Could there be better news for booksellers? Stephenie Meyer's new novella, "The Short Second Life of Bree Tanner" – linked to her mega-popular "Twilight" series – will go on sale on June 5. And, at the same time, Bloomsbury, the British publisher of the "Harry Potter" books is hoping to lure a new generation of readers by releasing the ever-beloved J.K. Rowling series with redesigned covers.
Meyer says that she originally envisioned "The Short Second Life of Bree Tanner" – which deals with a character introduced in "Eclipse," the third book of the "Twilight" series – as part of "The Twilight Saga: The Official Guide." But eventually the 192-page book developed a life of its own.
The marketing of the new book will be interesting. Hardcover copies will go on sale at 12:01 a.m. on Saturday, June 5 – with e-book sales beginning a few hours later at 6 a.m. But as a gift to her fans, Meyer is also making "Bree" available free of charge on a dedicated website, from June 7 to July 5.
There's an added incentive, however, to actually buy the book. Meyer has promised that one dollar from each book sold from the book's first 1.5 million printing (or two years from the pub date, whichever comes sooner) will go to the American Red Cross International Response Fund to support disaster relief efforts, including those in Haiti and Chile.
Good marketing? Of course! "Hey, did we mention that "The Twilight Saga: Eclipse" just happens to arrive in theaters a few short weeks [after the book's release date], on June 30?" asks a Washington Post blog, which goes on to wonder if that "coincidence" means the book isn't "just another marketing tool for the movie franchise?"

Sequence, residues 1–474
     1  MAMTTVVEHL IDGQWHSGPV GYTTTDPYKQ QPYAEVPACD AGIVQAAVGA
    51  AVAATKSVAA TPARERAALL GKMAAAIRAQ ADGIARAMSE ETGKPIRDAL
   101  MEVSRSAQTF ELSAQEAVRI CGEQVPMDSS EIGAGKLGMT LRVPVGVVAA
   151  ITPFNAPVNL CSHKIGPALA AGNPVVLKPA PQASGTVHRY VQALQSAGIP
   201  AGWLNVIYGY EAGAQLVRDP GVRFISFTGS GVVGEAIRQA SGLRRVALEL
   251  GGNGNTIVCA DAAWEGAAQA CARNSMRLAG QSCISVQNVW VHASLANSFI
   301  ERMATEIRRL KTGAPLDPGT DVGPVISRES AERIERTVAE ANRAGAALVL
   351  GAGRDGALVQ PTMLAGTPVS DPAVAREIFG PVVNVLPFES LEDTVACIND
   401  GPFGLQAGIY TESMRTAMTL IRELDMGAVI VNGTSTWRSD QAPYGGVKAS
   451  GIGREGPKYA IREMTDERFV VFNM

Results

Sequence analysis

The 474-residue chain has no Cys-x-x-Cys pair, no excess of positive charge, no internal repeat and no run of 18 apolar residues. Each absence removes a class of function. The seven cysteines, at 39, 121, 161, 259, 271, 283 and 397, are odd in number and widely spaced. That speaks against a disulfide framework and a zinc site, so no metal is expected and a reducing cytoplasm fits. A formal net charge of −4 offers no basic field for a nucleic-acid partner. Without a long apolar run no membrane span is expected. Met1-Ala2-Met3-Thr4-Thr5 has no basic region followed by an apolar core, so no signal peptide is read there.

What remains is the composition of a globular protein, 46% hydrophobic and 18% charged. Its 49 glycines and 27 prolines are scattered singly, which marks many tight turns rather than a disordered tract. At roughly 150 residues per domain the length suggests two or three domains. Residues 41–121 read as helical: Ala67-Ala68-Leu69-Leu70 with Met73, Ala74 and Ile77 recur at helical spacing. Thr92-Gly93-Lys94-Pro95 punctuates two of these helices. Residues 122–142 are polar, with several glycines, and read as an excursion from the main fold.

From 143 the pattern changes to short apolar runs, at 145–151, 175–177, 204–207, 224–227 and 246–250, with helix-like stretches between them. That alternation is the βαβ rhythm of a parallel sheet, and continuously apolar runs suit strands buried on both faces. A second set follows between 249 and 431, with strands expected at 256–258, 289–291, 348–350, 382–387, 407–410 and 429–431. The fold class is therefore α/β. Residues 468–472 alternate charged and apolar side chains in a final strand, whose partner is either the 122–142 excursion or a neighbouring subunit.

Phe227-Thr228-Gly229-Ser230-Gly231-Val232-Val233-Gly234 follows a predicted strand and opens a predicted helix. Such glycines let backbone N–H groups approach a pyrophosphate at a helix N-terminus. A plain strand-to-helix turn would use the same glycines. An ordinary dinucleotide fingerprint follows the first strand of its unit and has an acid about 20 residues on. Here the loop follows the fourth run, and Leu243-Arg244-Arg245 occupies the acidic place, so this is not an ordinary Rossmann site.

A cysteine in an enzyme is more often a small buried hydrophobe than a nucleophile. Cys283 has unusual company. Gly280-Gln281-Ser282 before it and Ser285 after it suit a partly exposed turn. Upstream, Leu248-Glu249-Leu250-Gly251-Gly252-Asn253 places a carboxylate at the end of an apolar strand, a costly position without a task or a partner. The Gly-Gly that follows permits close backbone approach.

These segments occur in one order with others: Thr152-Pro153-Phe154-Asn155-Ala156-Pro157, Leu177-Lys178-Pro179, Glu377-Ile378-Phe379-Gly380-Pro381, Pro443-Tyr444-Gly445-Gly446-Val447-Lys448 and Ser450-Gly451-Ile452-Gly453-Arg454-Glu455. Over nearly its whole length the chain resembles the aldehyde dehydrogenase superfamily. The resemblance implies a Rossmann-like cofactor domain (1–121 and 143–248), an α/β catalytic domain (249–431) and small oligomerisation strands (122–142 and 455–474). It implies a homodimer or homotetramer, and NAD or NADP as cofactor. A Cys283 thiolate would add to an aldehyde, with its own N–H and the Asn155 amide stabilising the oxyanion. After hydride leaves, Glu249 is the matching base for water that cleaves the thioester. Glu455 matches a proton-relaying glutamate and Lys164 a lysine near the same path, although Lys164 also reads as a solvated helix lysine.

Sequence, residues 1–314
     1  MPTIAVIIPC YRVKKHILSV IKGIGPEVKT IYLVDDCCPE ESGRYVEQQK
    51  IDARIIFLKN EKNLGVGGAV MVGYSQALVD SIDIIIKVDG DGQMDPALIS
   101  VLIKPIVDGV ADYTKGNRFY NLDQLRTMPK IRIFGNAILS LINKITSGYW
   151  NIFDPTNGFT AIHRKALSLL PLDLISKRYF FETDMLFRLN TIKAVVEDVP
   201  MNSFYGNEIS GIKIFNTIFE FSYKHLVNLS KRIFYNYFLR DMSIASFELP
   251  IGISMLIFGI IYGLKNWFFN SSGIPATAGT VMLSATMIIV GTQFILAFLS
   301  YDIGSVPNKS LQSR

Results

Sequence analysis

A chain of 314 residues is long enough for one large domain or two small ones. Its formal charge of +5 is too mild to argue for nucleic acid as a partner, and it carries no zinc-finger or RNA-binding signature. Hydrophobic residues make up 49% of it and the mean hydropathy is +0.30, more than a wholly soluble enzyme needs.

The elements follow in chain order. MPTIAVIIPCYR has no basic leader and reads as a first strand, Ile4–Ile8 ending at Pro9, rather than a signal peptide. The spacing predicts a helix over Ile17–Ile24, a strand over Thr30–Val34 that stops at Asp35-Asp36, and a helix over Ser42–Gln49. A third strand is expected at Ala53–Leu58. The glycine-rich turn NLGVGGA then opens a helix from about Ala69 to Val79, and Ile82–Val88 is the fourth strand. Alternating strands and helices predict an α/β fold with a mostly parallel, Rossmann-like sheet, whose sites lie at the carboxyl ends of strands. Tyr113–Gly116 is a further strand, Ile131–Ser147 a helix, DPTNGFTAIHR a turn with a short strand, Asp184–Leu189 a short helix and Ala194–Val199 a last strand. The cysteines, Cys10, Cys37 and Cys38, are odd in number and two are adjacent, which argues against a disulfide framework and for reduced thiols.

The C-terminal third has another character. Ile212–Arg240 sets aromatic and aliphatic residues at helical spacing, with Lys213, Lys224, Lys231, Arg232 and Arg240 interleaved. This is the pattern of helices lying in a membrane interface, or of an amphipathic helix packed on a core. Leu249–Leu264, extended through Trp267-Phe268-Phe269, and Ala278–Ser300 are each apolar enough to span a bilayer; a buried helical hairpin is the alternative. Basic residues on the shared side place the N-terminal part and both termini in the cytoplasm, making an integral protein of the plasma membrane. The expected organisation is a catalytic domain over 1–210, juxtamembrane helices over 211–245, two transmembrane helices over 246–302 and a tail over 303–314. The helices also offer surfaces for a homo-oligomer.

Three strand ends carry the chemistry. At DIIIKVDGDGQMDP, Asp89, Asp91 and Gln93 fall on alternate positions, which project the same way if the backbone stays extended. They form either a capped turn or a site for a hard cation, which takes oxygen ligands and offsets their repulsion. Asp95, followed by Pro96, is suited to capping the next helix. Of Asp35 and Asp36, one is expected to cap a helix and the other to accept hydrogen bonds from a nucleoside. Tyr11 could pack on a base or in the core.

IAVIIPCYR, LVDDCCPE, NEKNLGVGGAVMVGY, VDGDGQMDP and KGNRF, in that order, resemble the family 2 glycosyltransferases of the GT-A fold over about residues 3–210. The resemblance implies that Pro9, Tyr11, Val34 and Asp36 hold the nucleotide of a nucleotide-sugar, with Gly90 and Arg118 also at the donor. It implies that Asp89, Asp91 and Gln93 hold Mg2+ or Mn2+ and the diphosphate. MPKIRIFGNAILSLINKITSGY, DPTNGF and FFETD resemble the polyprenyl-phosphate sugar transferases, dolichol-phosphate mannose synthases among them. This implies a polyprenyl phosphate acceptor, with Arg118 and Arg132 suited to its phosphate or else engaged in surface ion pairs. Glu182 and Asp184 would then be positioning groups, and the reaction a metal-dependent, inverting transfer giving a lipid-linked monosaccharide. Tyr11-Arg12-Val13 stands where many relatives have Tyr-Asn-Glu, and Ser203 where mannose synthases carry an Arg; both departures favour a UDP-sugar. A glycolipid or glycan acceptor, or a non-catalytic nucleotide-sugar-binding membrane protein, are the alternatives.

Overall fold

The other way of looking at it is to suggest that publishers of hugely popular books would be crazy not to go for as many bites of the apple as they can. MediaBistro raises a similar question about the announcement from "Harry Potter" publisher Bloomsbury that the enormously successful series will be released as part of a new "Signature" edition on Nov. 1.
The publisher says the books – clad with new covers – are intended to "appeal to the next generation of readers who did not grow up" with the series. "No coincidence at all," deadpans MediaBistro, "that this announcement came immediately at the same time as the company released its sales figures for the previous year, showing a 39% decline thanks to not having a new Potter book out there in stores."
Of course they did. My question would be: Why not?
Marjorie Kehe is the Monitor's book editor.